The People of Uzbekistan, Religion
mystical form of Islam, Islam Karimov, Andijon, Uzbeks, religious literature
As in the other Central Asian states, the predominant religion in Uzbekistan is Islam. Uzbeks and other Muslim peoples of Uzbekistan are primarily Sunni Muslims of the Hanafi school. There are small, yet growing, communities of Muslims whom government authorities allege are fundamentalist Wahhabis. The Russian and Ukrainian minorities are traditionally Orthodox Christians.
Islam first appeared in the area of present-day Uzbekistan with Arab invaders in the 8th century. Sufism, a mystical form of Islam, became a strong influence in the political and economic life of the region between the 11th and 13th centuries. Sufi travelers brought Islam to non-Muslim conquerors of the region, who used the faith to increase their legitimacy among the local population. During the 14th and 15th centuries, the Naqshabandiya became the dominant Sufi order. Naqshabandiya Sufis such as Khoja Ahrar (1404-1490) became wealthy landholders and powerful political brokers, maintaining this position until the Russian conquest of Central Asia in the 19th century. Sufis participated in and occasionally led revolts against Russian and Soviet rule, such as the revolt led by Dukchi Ishan in Andijon in 1898.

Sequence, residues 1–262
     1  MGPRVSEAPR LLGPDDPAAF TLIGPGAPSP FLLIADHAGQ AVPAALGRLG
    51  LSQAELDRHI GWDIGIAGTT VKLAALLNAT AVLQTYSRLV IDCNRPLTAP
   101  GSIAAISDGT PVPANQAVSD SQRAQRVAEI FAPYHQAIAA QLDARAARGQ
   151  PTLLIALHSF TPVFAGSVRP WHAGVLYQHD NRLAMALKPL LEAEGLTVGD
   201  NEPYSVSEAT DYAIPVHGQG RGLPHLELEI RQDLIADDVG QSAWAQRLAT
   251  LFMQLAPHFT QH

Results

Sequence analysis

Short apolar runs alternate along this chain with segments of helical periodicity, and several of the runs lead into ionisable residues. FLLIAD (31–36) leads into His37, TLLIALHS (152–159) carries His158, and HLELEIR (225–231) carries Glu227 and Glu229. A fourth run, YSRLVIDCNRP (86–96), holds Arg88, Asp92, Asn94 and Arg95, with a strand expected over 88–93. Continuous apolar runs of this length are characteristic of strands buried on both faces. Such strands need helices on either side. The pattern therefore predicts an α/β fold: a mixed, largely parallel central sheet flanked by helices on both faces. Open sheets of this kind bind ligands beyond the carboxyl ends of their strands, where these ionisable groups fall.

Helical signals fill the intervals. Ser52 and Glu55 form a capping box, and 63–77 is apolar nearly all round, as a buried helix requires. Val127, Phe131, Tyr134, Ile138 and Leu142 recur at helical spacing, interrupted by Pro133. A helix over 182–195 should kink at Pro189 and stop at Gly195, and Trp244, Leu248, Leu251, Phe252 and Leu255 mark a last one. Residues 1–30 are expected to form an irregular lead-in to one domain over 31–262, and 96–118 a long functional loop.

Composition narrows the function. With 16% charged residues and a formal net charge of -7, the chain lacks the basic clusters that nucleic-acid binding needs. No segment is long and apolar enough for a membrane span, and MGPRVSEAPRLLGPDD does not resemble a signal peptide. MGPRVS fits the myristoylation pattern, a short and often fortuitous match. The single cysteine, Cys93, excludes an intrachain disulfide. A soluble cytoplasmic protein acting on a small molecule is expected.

During the Soviet period, the officially atheistic Communist regime sought to restrict Islam, and most of Uzbekistan’s mosques were forcibly closed in the 1920s. Since 1989, when Islam Karimov rose to the leadership of Uzbekistan, restrictions on Islam have been relaxed. Since then many mosques have been restored or built in Uzbekistan, and religious literature has become much more accessible. Nevertheless, Uzbekistan's leaders have made it clear that the government will not tolerate the mixing of religion and politics by independent groups.
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